With the nights getting longer and the dark grey days ahead, anybody venturing out to do a little four wheeling will tell you good off-road lighting is a must.

Make sure you only operate them off-road. Good quality wiring of a set of off-road lights is important when installing them on your truck, SUV or 4×4.

Simply running a power and ground may work but is not the correct way to wire them. Most off-road lights draw a lot of power when switching them on, and this load should never be applied directly to the switch. Using a relay for the switching duties will save your switch and lights as well as make for a safer installation.

Relays are easy to install and some lights come with them, but if not, you can pick up a relay from your local auto parts store. Install a switch in the cab of your truck in a location that is convenient for you to reach, or tap into the high-beam circuit of the headlights to power the relay. Mount the relay inside the cab, under the dash or other location out of the way and out of the elements.

Run a wire from the battery or other positive source to the switch. This is the positive feed to switch the relay on. You will also need to run a ground wire to the switch from the frame or other ground then run a positive feed wire from the battery to the positive in position on the relay.

There will be four connectors on the relay, a positive, a negative, a positive out and a positive in from the battery. Read the packaging or directions to determine which is which. Find the ground position on the relay and run a wire from it to a good ground on the chassis of the vehicle. Anywhere on the frame or other metal structure of the vehicle will normally produce a decent ground. Run a section of wire from the switch output to the switched power input on the relay. Again, this will be marked or identified on the directions that came with your relay. Run the last wire from the relay positive out position to the lights and connect it to the positive feed on the lights. Ground the lights by attaching the black or ground wire to the frame or other ground on the truck.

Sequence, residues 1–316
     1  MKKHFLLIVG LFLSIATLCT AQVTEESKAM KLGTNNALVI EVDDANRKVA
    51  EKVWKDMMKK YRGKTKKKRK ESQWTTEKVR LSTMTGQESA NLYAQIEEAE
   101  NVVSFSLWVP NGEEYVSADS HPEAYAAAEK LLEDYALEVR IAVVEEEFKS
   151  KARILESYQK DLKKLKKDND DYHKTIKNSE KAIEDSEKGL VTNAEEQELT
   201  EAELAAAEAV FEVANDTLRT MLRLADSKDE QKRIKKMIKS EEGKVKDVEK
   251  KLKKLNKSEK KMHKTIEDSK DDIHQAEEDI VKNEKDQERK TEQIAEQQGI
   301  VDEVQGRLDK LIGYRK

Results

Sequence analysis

HID lights have become more popular with off-roaders these days. Installation is a little more work. But the principles remain the same. Be sure to follow the instructions provided in the kit. HID stands for High intensity discharge which refers to a new technology that relies on an electrical charge to light the xenon gas contained in a sealed bulb.

Unlike the halogen bulb, the HID bulb does not have a filament, because there is no filament the bulbs are not susceptible to vehicle vibration damaged. There are however effected by and fluctuations in the vehicles electrical system and depending on the vehicle they may require some resistors.

The HID bulb creates light by bridging an arc between two electrodes, instead of heating a filament. This light is similar to the energy transfer when lightning strikes. The arc stimulates the xenon gases producing bright white beam of light. The next wave of off-road lighting technology is LED. Rigid is a leader in this technology. Low amperage and superior light projecting forward is why most off-road racers are switch to this type of light. Check them out at www.rigidindustries.com.

Contact: ian [dot] harwood [at] drivewaybc [dot] ca

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